Ermoupolis, the "Queen
of the Cyclades," is the capital of the island of Syros, the center of the
Aegean Sea and a city of unique history and architecture. The city stands on a
naturally amphitheatrical site over one of the biggest and safest ports of
Aegean, with neoclassical buildings, old mansions, marble and stone-paved
streets, squares, churches, mausoleums, and white-washed houses on the
surrounding hills, cascading down to the harbor. A monumental Town Square and
the historic Apollo Theater are the main features at the center of town, with
numerous other important buildings surrounding them. The City Hall, where
Miaoulis Square lies ringed with cafes and with seating areas under palm trees,
has a grandeur all of its own. The "City of Hermes" has numerous
magnificent churches, the most interesting of which are Metamorphosis, Koimisis,
St. Demetrius, Three Hierarchs, Anastasis, Evangelistria and St. Nicolas. The
Archaeological Museum has a collection of notable finds and the Municipal
Library contains numerous interesting and rare editions. The quarter of the town
known as Vaporia, where the sea captains lived, is of special interest. Along
its narrow streets stand numerous neo-classical mansions.
Ermoupolis enjoys a unique history as well. The city was built from scratch from
1821 to 1825 when thousands of refugees fled the eastern islands of the Aegean
and Asia Minor, as a result of the Greek War of Independence. Very soon the city
was the most important of the new free state, with a thriving commercial,
industrial and shipping sector and a population of over 25,000 people, by far
the biggest city of Greece of the time. The name of the city was decided in a
early referendum to honor Ermis (Hermes), ancient Greek god of commerce.
By the end of 19th century the importance of Athens and Piraeus started to rise
and accordingly, the importance of Ermoupolis to decline. Some decades of
population decline and excessive poverty passed before Ermoupolis enjoyed a new
rise, especially since 1980. Today Ermoupolis is again a city of cultural and
touristic importance, steadily gaining the favor of visitors wishing to enjoy
the unique architectural landscape and the numerous important cultural events
taking place all year round, but especially during summer.
Ano Syros is the
second town of the Island and was built by the Venetians at the beginning of the
13th century on the hill of San Giorgio, north-west of Ermoupolis. Ano Syros
maintains its enchanting medieval atmosphere. Innumerable steps between narrow
streets and houses with coloured doors lead you to the top of the town, which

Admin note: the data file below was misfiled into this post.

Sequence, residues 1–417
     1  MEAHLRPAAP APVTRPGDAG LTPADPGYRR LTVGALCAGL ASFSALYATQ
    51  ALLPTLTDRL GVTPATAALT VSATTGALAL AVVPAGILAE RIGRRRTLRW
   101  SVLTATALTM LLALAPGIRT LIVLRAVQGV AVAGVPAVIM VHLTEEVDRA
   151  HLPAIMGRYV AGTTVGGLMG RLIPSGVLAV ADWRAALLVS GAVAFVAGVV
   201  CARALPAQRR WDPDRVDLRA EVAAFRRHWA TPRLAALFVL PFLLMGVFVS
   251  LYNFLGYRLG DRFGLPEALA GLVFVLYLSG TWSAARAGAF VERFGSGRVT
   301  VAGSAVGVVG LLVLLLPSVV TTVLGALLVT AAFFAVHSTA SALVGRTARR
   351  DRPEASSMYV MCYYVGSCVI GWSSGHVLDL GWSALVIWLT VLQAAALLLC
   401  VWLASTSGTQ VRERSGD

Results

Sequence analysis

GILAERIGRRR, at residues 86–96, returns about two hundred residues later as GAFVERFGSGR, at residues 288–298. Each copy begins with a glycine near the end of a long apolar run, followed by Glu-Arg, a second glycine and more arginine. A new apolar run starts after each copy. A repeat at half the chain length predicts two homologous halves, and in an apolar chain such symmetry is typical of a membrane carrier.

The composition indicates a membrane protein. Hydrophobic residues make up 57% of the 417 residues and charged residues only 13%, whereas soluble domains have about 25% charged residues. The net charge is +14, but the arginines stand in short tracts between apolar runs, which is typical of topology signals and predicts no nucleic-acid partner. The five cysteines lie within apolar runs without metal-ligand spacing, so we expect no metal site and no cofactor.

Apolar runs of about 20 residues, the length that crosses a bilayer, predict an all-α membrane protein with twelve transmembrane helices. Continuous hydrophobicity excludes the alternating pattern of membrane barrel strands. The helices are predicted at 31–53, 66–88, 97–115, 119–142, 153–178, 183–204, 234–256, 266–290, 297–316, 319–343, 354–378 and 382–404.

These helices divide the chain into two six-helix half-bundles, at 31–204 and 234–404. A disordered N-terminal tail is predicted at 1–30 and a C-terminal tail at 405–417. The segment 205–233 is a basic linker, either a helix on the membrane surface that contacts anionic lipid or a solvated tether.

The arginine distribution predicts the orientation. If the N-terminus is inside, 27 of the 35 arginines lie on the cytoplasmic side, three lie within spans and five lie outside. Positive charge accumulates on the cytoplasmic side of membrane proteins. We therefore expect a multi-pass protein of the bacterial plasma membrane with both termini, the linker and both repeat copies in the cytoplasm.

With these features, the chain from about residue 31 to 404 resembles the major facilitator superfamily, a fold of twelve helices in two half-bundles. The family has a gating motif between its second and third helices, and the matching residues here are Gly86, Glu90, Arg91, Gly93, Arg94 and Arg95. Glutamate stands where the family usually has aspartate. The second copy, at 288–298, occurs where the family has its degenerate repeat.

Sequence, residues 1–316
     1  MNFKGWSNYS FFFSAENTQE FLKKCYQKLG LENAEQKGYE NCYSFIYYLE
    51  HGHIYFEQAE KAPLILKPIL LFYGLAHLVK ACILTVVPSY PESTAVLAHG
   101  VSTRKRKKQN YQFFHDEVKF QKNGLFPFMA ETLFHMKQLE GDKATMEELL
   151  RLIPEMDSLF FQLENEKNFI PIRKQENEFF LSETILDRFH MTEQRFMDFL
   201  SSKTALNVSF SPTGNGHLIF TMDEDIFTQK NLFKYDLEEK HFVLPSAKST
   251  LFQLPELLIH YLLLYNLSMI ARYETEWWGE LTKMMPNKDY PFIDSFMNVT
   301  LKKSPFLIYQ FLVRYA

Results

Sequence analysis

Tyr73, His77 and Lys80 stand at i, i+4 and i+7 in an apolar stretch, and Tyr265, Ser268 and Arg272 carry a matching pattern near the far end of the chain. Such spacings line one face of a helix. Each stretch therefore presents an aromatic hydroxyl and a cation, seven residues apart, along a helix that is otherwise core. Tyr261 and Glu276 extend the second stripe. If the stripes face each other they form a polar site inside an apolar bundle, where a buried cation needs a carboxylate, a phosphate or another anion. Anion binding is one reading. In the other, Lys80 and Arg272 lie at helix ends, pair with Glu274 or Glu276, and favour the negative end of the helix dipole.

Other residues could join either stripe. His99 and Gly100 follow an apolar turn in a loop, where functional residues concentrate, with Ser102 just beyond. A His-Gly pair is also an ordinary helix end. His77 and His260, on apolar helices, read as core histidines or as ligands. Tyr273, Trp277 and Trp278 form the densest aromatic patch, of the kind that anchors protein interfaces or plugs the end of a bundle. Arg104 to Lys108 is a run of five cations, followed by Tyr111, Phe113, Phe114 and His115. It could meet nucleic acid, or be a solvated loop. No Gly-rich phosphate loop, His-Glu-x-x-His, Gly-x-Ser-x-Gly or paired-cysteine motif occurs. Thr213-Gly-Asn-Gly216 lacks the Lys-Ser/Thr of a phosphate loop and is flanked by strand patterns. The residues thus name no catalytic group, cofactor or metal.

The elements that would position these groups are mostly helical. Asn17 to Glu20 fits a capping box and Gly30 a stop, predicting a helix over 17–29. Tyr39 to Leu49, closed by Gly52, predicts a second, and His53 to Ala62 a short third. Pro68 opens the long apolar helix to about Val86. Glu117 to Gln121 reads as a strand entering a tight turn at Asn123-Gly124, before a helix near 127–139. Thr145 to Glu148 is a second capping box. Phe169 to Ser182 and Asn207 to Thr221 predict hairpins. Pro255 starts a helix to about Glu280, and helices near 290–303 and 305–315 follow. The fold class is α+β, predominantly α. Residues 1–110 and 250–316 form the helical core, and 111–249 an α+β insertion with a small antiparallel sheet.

makes for some adventurous exploration.
The medieval settlement of Ano Syros is not accessible by car, the town is
serviced mostly by marble steps. The distance from the harbour up to the main
entry point of the town is approximately 3500 metres. The Catholic basilica of
San Giorgio dominates Ano Syros. The church was constructed during the 13th
century. From here the visitor enjoys a panoramic view of the neighbouring
islands of Tinos, Delos, Mykonos, Paros and Naxos.
History: Ancient Times
During Roman times the
capital of Syros was situated in the area of contemporary Ermoupolis. At the end
of ancient times, the barbaric raids and the plague of piracy, which had
scourged the Aegean for many centuries, led Syros to decline. In the Byzantine
years Syros constituted together with the rest of the Cycladic islands, part of
the Aegean Dominion. After the overthrow of the Byzantium by the Venetian/Francs
in 1204, Syros came under Venetian domination and was included in the Ducat of
In the mid-16th century,
the Ottoman fleet occupied the island and the Duchy fell apart. However,
negotiations of the local authorities with the Ottomans gave the Cycladic
islands substantial privileges, such as the reduction of taxation and religious
After the second half of the 17th century, a period of economic recovery of the
Aegean began, climaxing during the transition from the 18th to the 19th century.
Due to its crucial geographical position, Syros became known as a maritime
In 1822-1865 Ermoupolis was rebuilt in a neoclassical style, merging Greek
Classicism with elements of the Renaissance. Many landmarks such as the City
Hall (designed by the famous German architect Ernst Ziller), the Apollo Theater
by the Italian architect Campo (a miniature version of La Scala di Milano), the
main Library, the General Hospital of Syros (Vardakeio-Proio), Miaoulis square
and more are from that era.
Because of the Venetian domination from the Middle Ages onwards, the islanders
were once exclusively Roman Catholic. However, due to immigration from other
islands, Catholics now constitute some 40% of the population. The great majority
of the population are Greek Orthodox. They live side by side very peacefully.
Intermarriage between denominations is very common in Syros.
Greek Fight for
Syros took no part in the
Greek revolt of 1821, but was inundated with refugees from other parts of
Greece. With the return to peace and tranquility, Syros became known as a
cross-roads in the Aegean and as an international commercial center linking
Western Europe and the Mediterranean Sea to the East. In 1822 began the
construction of the first buildings and in 1824 the first Orthodox Church
Metamorphosis and the largest Greek Sanatorium was constructed.
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